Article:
Exit exam fairness

Posted: Sunday, March 25, 2001

Gov. Knowles, the Governor's Education Funding Task Force and the Department of Education and Early Development have recommended that the effective date of the law requiring Alaska students to pass an exit exam in order to receive a high school diploma be delayed to 2006.

The rest of us - current and future students, parents, taxpayers, educators and employers - owe it to ourselves to decide if the request is valid.

A natural response is to wonder if educational account-

ability ever will be implemented in Alaska or if accountability merely will be debated endlessly and postponed perpetually. Many of us who have watched the overall quality of education slip for at least a generation are impatient for an educational revolution.

We want students to learn so that their knowledge and reasoning powers can be applied toward the enrichment and function of an insatiably challenging society. Something is wrong if parents and grandparents know why wars were fought, how democracies and economies were built, how diseases are being conquered, and how frontiers were pushed to the heavens but our children and grandchildren do not - or even that they should.

Our impatience became manifest in 1997 with the passage of the law requiring the exit exams. Now, four years later and one year shy of the "high stakes" exams taking effect, we are being asked to wait for five more years.

The temptation is to criticize the education system for allowing all this to happen. That presumes the education system is beyond our control. It was not just the educators who let the delivery of knowledge become so haphazard that standards don't exist and learning is not meaningfully and uniformly measurable. If the system really needs five more years before a diploma should be earned through a demonstration of subject mastery, how painful it is to ponder the value of today's diplomas.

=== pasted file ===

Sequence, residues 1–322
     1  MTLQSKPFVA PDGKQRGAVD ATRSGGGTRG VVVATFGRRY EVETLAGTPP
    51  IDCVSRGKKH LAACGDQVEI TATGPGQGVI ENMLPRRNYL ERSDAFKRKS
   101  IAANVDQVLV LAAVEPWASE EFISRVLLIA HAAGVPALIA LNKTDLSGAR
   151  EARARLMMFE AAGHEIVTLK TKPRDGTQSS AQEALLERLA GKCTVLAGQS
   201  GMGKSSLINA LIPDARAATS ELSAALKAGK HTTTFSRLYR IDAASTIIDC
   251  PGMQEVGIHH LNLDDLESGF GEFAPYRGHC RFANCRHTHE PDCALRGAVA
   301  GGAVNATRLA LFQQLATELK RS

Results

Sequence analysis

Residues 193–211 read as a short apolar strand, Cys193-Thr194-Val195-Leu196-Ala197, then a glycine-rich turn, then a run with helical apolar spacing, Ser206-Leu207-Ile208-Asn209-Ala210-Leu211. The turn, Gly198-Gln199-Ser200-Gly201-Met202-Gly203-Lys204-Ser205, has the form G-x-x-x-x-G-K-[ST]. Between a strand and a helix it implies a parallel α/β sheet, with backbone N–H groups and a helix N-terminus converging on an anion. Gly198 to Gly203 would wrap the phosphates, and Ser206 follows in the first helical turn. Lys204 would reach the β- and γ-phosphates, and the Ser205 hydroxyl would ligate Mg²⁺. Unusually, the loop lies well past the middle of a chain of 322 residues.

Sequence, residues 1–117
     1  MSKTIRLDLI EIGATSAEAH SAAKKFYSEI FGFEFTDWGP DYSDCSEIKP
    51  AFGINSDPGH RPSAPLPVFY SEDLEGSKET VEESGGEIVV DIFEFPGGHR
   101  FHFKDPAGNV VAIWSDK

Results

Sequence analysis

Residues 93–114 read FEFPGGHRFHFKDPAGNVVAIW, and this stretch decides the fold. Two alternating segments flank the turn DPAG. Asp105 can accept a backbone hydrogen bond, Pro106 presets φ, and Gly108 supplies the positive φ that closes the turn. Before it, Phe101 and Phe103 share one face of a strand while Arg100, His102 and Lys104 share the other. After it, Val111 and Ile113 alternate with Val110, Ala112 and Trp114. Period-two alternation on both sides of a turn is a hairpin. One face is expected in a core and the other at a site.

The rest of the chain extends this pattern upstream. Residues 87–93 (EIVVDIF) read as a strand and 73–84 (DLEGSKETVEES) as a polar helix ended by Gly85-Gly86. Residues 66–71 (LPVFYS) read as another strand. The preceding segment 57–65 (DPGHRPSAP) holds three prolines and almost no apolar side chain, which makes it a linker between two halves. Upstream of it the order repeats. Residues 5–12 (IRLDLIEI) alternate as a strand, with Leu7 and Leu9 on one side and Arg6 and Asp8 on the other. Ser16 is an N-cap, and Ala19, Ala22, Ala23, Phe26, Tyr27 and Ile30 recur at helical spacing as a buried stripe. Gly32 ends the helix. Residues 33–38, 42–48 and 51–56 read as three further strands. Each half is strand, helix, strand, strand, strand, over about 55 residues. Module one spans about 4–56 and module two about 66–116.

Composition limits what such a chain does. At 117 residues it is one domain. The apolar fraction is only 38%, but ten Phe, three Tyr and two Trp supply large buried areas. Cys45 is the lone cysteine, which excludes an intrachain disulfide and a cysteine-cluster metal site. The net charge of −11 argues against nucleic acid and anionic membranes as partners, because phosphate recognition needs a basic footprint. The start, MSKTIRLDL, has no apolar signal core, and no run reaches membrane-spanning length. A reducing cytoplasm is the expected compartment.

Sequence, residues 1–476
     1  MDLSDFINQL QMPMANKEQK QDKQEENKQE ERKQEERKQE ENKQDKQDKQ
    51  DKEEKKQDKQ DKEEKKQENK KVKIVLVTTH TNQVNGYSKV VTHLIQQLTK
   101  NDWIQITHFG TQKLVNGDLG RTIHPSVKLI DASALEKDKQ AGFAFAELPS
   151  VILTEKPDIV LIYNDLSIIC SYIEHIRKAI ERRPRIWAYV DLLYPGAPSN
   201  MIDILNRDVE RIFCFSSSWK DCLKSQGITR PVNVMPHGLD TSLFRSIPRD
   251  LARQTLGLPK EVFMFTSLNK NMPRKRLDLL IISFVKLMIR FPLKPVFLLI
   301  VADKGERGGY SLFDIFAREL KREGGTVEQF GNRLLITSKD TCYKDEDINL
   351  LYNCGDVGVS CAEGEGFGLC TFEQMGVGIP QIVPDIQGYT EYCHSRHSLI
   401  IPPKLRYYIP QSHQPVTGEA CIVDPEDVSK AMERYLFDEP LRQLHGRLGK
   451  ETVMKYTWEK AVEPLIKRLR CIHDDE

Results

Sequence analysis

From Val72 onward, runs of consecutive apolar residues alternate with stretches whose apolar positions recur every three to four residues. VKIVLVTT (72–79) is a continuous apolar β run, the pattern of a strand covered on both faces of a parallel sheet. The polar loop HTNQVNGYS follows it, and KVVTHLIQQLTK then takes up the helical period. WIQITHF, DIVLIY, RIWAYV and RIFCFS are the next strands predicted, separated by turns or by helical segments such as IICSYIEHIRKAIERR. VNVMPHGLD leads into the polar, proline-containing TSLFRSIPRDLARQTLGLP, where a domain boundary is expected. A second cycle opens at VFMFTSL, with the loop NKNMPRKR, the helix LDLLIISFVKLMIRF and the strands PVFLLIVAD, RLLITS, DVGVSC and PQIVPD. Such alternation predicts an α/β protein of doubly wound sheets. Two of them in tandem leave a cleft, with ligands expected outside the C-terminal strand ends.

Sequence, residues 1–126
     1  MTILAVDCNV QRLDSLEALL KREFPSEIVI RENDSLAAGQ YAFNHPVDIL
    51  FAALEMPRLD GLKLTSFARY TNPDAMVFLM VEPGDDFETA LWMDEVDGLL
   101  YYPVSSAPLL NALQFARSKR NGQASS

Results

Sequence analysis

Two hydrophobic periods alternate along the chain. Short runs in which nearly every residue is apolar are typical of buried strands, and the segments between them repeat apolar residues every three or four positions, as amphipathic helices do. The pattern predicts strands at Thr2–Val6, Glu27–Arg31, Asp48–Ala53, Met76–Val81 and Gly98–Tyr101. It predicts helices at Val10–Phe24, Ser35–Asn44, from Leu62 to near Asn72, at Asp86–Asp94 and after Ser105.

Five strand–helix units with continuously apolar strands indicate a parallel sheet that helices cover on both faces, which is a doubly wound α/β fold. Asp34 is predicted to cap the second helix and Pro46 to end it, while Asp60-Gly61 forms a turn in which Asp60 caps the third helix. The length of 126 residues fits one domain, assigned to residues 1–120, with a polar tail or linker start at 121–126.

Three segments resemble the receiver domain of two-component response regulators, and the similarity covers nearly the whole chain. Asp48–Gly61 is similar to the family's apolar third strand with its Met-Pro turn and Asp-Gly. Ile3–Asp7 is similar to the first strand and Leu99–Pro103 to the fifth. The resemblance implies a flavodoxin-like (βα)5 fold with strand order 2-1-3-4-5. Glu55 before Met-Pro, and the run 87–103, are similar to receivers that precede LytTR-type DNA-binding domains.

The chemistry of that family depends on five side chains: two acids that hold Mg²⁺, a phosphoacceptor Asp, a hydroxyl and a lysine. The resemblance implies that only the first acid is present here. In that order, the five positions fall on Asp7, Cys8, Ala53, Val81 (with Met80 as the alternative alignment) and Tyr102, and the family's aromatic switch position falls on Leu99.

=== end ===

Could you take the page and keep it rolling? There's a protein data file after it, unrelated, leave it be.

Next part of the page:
There is, however, a more important consideration. We must not permit our impatience to steamroll our sense of fairness. If we are going to develop and implement standards and begin to measure performance meaningfully, fairness dictates that we agree on a starting point for change and that we allow enough time for change to be assimilated.

Having tolerated a flawed system, it would be wrong for us to subject students who are nearing graduation to standards to which they were exposed only at the 11th hour - or in some cases not at all.

Change has to start in the lower grades and the delivery of information has to be tracked through periodic benchmark testing. An exit exam should measure mastery of information to which students have been exposed for most of their elementary and secondary school experience.

Fair is fair. The fault is not the students'. Five more years is not an eternity. If we stay as engaged as the situation demands, the time will pass quickly and the results will be rewarding.



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